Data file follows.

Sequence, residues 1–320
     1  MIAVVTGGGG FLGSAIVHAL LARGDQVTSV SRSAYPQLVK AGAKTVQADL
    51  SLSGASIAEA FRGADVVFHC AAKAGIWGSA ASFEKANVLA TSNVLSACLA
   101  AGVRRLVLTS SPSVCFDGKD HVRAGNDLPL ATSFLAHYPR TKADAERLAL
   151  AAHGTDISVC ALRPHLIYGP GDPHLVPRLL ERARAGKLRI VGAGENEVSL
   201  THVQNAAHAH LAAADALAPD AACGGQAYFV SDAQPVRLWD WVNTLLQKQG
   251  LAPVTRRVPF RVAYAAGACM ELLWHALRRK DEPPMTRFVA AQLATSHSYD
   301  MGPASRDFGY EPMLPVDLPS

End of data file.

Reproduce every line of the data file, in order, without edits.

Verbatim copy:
Sequence, residues 1–320
     1  MIAVVTGGGG FLGSAIVHAL LARGDQVTSV SRSAYPQLVK AGAKTVQADL
    51  SLSGASIAEA FRGADVVFHC AAKAGIWGSA ASFEKANVLA TSNVLSACLA
   101  AGVRRLVLTS SPSVCFDGKD HVRAGNDLPL ATSFLAHYPR TKADAERLAL
   151  AAHGTDISVC ALRPHLIYGP GDPHLVPRLL ERARAGKLRI VGAGENEVSL
   201  THVQNAAHAH LAAADALAPD AACGGQAYFV SDAQPVRLWD WVNTLLQKQG
   251  LAPVTRRVPF RVAYAAGACM ELLWHALRRK DEPPMTRFVA AQLATSHSYD
   301  MGPASRDFGY EPMLPVDLPS